Open-Source Insurance Provider Finds Patent Risks in Linux

Open Source Risk Management, who offers litigation insurance policies, has found nearly 300 patents that could theoretically be used against Linux. How risky are these patents? How much should you be concerned?

SAN FRANCISCO—On Monday, OSRM, a provider of open-source consulting and risk mitigation insurance, announced that the group has found that there are 283 issued, but not yet court-validated, software patents that could conceivablly be used in patent claims against Linux.

Thats the potential bad news for Linux developers and users. The good news is that the Linux kernel contains no court-validated software patents. For those who are seriously concerned about the risks, OSRM (Open Source Risk Management)will be offering a litigation insurance policy starting in 2005.

OSRM began offering copyright infringement insurance to Linux users in April 2004.

Patent attorney Dan Ravicher, leader of the OSRM patent study and executive senior counsel to the Free Software Foundation, added that only about "half of software patents stand up in court."

Of those 283 issued patents, Ravicher continued, "about a third are held by organizations or companies that are seen as Linux friendly: IBM, HP, Novell, Red Hat, etc. At the same time, though, 10 percent of these patents are held by Microsoft."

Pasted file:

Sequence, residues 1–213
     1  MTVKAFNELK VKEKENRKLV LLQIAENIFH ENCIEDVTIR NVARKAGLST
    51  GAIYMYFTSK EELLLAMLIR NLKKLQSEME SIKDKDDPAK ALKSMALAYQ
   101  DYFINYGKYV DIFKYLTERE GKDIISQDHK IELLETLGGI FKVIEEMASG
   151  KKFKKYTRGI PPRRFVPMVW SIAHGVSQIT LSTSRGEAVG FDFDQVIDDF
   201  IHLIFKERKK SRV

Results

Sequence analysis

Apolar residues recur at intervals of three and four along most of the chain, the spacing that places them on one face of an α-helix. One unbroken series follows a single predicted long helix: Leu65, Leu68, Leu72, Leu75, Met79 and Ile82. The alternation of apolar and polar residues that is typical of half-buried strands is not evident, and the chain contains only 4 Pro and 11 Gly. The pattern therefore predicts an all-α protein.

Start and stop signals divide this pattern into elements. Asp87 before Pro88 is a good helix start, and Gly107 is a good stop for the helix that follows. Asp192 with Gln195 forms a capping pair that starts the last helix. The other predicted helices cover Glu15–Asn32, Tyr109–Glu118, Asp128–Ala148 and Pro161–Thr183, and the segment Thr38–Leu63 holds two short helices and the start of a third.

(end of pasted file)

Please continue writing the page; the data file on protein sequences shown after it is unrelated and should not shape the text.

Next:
Ravicher also points out that, "This is not a doomsday scenario. This number of potential patent concerns is typical for a software product of the size and complexity of Linux."

OSRM wont publicly say what the specific software patents are that potentially affect Linux because it "would put the whole developer community at risk."

Thats because of what he describes as the "Catch-22 of patent law ... Patent law is meant to popularize technology, but at the same time if you look at software patents as a developer, you put yourself at more legal risk."

"Current U.S. patent law creates an environment in which vendors and developers are generally advised by their lawyers not to examine other peoples software patents, because doing so creates the risk of triple damages for willful infringement," explained Daniel Egger, chairman and founder of OSRM.

"This studied ignorance leaves the field open to those who would spread fear and disinformation. It also means that only a vendor-neutral entity, like OSRM, has the freedom and incentive to assess the true risks."

Next Page: What can developers and users do?